A winter storm makes land at dawn.
Surging seas. Valley snow down
to 100 feet. Schools already closed.

Here’s to one more day before brutal snow
shuts my garden down and sends me fireside.
Time, at last, to thaw out tired limbs and doze
without bark slivers in my hands or dirt
beneath my fingernails. I’ve grown weary
of the earth I’ve kneaded daily with intent.
From spring to early frost, perennials
fulfilled their promises and, without pause,
bulbs splashed colors on my plotted beds.
Now I’m done with mudding through autumn rain—
saving diehard blooms, erasing moss and weeds—
exhausted by the beauty I conceived.

And, yet … I’ve come to know myself enough
to know I’ll fret for phlox and bleeding hearts,
for jasmine climbing up the backyard fence;
for hostas, dahlias, daisies, roses, mums;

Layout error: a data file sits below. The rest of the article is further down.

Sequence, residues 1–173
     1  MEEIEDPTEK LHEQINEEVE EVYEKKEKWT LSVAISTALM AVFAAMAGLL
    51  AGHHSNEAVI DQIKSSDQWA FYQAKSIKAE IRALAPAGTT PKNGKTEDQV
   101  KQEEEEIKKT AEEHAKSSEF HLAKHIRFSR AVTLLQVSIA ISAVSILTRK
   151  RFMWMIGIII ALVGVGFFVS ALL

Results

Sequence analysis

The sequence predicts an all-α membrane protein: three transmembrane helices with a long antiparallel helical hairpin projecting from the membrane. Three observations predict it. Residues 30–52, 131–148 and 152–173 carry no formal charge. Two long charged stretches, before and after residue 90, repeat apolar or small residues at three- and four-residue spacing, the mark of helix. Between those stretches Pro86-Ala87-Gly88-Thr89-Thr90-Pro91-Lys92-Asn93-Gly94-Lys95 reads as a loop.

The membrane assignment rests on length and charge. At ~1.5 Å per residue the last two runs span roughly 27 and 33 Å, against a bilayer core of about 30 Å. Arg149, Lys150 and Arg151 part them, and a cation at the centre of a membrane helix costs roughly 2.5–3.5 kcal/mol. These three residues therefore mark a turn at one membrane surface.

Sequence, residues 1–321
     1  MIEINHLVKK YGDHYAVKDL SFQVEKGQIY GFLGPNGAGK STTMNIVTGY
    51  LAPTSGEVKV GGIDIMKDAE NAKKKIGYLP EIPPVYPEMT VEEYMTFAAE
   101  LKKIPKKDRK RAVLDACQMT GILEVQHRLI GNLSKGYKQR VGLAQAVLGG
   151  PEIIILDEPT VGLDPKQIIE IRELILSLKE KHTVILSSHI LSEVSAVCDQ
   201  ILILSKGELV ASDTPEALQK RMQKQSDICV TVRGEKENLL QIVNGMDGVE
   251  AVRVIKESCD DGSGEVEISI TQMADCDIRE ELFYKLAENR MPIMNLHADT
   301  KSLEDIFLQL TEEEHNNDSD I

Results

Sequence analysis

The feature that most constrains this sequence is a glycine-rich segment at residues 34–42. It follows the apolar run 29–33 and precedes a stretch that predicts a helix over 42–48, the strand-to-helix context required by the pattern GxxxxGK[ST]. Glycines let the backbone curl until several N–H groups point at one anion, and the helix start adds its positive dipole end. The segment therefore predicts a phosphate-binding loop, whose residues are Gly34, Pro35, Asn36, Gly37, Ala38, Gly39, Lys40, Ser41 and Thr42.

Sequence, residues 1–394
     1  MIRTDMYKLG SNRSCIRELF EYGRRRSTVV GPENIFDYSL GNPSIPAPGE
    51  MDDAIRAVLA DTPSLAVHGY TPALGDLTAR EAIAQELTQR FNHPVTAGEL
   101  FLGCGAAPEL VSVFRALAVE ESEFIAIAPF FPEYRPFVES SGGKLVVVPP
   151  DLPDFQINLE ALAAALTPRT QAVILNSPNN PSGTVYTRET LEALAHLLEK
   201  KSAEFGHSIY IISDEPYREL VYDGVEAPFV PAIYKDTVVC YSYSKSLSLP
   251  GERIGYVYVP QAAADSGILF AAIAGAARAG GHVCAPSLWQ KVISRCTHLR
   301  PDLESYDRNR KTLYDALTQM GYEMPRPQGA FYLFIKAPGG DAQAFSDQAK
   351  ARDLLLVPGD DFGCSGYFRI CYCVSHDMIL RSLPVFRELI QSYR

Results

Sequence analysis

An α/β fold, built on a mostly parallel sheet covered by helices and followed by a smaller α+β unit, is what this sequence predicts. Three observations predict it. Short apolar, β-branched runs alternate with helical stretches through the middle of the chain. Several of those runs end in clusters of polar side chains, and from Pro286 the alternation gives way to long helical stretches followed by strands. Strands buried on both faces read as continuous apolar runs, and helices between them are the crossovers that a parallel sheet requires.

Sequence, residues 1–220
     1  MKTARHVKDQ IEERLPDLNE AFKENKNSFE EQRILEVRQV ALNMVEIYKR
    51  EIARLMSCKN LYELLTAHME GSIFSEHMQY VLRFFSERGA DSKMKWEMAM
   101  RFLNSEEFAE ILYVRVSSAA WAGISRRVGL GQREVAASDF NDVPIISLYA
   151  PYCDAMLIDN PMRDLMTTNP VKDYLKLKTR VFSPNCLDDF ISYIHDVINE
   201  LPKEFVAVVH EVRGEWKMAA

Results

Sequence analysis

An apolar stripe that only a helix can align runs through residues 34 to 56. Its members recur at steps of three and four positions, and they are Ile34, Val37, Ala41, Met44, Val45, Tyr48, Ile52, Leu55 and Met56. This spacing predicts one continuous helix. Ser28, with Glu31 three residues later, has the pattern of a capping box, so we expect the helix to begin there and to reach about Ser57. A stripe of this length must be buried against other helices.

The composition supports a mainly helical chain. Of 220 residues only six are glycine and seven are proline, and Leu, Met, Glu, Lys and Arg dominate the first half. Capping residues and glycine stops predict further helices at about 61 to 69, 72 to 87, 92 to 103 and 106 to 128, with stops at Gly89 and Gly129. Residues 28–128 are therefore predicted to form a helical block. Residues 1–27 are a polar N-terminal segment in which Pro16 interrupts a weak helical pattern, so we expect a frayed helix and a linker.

for everything I’ve grown to love. Before
daylight winds down and solar lights go dark,
I have it in me to push fatigue aside—
to prune, mulch, rake, appreciate one more
bedding down, one irreparable good-bye.
Then, let smirking clouds cascade from the Coast
and tomorrow’s dawn reap relentless snow.
I’ll design next spring from winter sleep.
Zetetic separator
—After forty years in the business and academic worlds, Carolyn Martin is blissfully retired in Clackamas, OR, where she gardens, writes, and plays with creative friends. Since the only poem she wrote in high school was red-penciled “extremely maudlin,” she is still amazed she continues to write. Her poems have appeared in publications across the US and UK and her second collection, The Way a Woman Knows, was released in February 2015 by The Poetry Box, Portland, Oregon (www.thewayawomanknows.com).


This poem also appeared in Spark: A Creative Anthology, Volume V.

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